National and local leaders debated Minnesota's proposed marriage amendment last night on the stage of the Fitzgerald Theater.
The amendment would define marriage as between a man and a woman in the state constitution. Four debators — national and local voices splitting each side of the issue — exposed conflicting views of religion and human relationships, and what's at stake in Minnesota's vote.
The debate was hosted by Minnesota Public Radio with The Daily Circuit's Kerri Miller as moderator.
Brian Brown, president of the Washington, D.C.-based National Organization for Marriage, said the amendment would keep the definition of marriage in the hands of voters, and block judges and legislatures from making same sex marriage legal. His organization has been active in Minnesota's campaign to pass the amendment.
“Do you believe that the courts or politicians should define the nature of marriage, or do you believe that the people should?”Brian Brown, president of National Organization for Marriage
"The amendment here in Minnesota has to do with a simple question: Do you believe that the courts or politicians should define the nature of marriage, or do you believe that the people should," Brown asked the crowd.
Brown's organization has spent $1.5 million to persuade people in Minnesota to join 30 other states that have passed similar constitutional amendments. National Organization for Marriage is the single largest financial contributor to the side supporting the amendment.
His national opponent in the debate was Episcopal Bishop Gene Robinson of New Hampshire, the country's first openly gay bishop and married to a man.
Robinson countered that gay couples are not trying to redefine marriage, they want to join it. He said public acceptance of same sex marriage is growing.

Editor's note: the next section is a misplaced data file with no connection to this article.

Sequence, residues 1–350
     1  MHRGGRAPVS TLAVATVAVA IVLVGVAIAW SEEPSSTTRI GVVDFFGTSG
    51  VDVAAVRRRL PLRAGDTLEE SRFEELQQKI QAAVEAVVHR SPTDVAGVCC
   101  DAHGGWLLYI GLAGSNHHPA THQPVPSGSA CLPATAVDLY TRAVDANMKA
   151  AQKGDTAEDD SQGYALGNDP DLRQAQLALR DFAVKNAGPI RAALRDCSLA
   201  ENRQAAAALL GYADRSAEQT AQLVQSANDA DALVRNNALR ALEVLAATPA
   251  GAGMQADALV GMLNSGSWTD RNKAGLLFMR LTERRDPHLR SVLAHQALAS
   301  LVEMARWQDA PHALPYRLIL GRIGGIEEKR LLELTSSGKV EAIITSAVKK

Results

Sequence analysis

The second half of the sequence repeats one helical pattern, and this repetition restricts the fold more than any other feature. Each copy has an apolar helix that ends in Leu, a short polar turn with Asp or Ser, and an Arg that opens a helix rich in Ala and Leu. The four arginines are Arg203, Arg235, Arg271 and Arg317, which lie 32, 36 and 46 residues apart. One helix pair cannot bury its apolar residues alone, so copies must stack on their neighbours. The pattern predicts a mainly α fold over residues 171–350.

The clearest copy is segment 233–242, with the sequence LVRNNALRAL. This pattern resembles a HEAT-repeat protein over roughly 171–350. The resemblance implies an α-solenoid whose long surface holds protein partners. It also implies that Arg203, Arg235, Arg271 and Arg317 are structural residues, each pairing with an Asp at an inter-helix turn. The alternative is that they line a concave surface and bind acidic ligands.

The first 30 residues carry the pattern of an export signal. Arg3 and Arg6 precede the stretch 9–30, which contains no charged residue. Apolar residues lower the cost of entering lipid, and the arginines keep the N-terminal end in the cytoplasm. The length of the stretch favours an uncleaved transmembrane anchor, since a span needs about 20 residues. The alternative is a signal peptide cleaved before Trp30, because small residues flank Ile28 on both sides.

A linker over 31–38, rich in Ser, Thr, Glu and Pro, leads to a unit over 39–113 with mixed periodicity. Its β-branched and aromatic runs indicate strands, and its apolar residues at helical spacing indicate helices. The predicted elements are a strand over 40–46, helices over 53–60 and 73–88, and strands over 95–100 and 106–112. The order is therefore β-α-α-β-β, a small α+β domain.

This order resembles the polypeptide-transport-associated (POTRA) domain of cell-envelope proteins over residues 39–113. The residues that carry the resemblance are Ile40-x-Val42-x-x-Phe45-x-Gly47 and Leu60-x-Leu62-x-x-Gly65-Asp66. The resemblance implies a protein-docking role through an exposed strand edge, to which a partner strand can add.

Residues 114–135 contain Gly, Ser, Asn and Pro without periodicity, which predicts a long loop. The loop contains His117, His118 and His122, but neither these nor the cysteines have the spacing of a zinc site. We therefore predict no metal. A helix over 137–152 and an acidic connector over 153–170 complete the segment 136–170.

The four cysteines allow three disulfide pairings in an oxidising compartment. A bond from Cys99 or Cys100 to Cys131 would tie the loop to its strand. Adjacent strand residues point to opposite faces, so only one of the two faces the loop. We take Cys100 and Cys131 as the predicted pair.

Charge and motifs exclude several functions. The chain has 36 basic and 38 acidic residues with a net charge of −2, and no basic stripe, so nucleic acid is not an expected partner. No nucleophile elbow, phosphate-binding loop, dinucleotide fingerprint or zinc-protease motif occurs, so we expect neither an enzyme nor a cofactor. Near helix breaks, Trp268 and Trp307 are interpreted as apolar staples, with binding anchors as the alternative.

"I'll tell you what's changing people's minds. They see two men or two women who love and care for each other in the ways that husbands and wives have cared for each other for countless generations. And they see them creating a family and loving their kids," Robinson said. "As a religious person what I would say they see, is the light of God shining in those relationships."
Robinson said the amendment would write discrimination against same-sex couples into the constitution.
Debater, the Rev. Jerry McAfee of New Salem Missionary Baptist Church in North Minneapolis, repeatedly challenged Robinson to cite Biblical texts to support his view. McAfee rejects marriage can between same-sex couples.
"The core of what we believe is that marriage was ordained by God, as given in the Bible. If you add to it, then you change my belief system," McAfee said. "And when you change my belief system, I have just as much right to vote yes as anyone else does [to vote] no because it shifts my belief system."
McAfee is one of 500 clergy to sign a letter citing their obedience to God in support of the amendment.
“As a religious person I would say what they see, is the light of God shining in those relationships.”Gene Robinson, Episcopal bishop of New Hampshire
The fourth debater, Sarah Walker, pointed out that there are also hundreds of clergy on the side opposing the amendment. Walker is a board member of Minnesotans United for All Families, the main group working to defeat the amendment.
Walker reminded the crowd that Tuesday's vote is not a vote to legalize same-sex marriage in Minnesota. Whether the amendment passes or fails, same sex marriage still will be against state law. But Walker urged a vote against the amendment so that the man-woman definition is not locked into the state constitution.
"I would like our future generations to have a stake and be able to take part in this conversation," Walker said. "And by voting no, you're going to allow them to continue to have the conversation and not impose what you're asking from your perspective now."
Supporters of the amendment argue that if it were to pass and voters later change their minds, they could ask the legislature to put a new amendment on the ballot and vote again.
The current campaign has already been the most expensive for a constitutional amendment in Minnesota history, costing upwards of $15 million.